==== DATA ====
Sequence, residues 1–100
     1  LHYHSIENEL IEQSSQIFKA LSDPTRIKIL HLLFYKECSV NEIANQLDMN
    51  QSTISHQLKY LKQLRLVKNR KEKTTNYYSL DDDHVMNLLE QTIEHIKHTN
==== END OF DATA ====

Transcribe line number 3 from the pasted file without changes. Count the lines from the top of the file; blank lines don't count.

    51  QSTISHQLKY LKQLRLVKNR KEKTTNYYSL DDDHVMNLLE QTIEHIKHTN